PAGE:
I work part time as a group exercise instructor and teach a couple of high intensity classes. I regularly tell my students, take breaks when you need them. Yes, it is important to work to fatigue, but you have to learn to listen to your body. If you work too hard, you increase your risk for injury.

If you're new to regular exercise, your body will get stronger with time. People assume that the minute they try a workout, they should just get it. This is not the case. You have to understand that the people in the video practiced these routines for weeks. So, yeah, they make it look easy. As you continue to do the video, you'll become more comfortable doing the routines.

As the old cliche goes, how do I get to Carnegie Hall ? practice, practice, practice !!

Also, you don't want to do too many sessions of high intensity exercise. You want to have a mix of routines that include a couple of high intensity workouts as well as low impact, low intensity workouts too. Too many people assume they have to kill themselves to be healthy, not true ! Walking is fantastic cardiovascular exercise. Take a daily walk, take yoga, martial arts, dance lessons, play golf, etc... It's all good.

Because you have to understand that the benefits of exercise go way beyond burning X calories in Y time.

Exercise should be fun because when we enjoy doing something, we look forward to doing that something each and every day.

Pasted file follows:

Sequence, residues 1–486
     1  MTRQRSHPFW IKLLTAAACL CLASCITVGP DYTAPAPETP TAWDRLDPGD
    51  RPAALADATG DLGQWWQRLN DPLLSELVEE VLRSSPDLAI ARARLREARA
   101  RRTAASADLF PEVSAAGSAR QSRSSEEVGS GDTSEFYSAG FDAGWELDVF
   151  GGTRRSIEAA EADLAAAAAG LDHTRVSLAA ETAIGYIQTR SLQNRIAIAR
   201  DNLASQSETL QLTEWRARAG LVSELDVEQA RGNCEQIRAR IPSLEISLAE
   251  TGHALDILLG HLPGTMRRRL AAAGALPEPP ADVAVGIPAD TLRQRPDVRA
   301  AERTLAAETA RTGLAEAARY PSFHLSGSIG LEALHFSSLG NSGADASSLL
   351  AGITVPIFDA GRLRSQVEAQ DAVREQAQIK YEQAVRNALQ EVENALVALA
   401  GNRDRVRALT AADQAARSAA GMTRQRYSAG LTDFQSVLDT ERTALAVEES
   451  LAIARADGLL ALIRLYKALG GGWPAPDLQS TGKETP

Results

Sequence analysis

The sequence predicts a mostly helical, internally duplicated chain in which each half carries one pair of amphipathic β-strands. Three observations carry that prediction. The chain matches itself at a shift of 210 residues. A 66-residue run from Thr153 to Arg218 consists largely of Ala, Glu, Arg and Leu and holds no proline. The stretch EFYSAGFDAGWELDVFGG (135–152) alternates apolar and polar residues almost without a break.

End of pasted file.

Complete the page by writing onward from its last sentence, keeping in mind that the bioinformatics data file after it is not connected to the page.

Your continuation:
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6/5/13 3:28 A

It sounds to me that your workout video is a little more intense than you are ready for. Perhaps aiming for something that still raises your heart rate, but not to that point, and allow your fitness to increase before tackling it. It is a good method to help reduce the risk of injuries or other health issues caused by 'punching above your weight' so to speak.

Good luck,

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6/5/13 2:39 A

"Pressing Pause" That is definitely what I've had to do with yesterdays Jillian Micheals's 6 week 6 pack Ab video. It is SO intense! And it seemed like it was going so fast! I don't know what that's all about. I tried my best to keep up with the cardio tempo of that video, but I also didn't want to have a heart attack so I had to press pause in order to go from 'standing' to the 'floor exercises' and vice versa. But it's not just that workout, there are a few other high tempo cardio workouts that I've gotten into that I just must take a second to walk in place while catching my breath.

I try to alternate my workouts so I don't get in a rut. I also cut myself some slack some days and do the walking in place exercises which I love! They give you a good workout, without wearing you out. I really like aerobic cardio type workouts, kickboxing videos, walking outdoors, walking in place, yoga, strength training videos that depend on my own body weight (no equipment), and swimming.

I guess I'm just venting. Does anyone ever get winded with high intensity cardio workouts? What do you do/or think to keep you motivated even when you are out of breath and sweating bullets?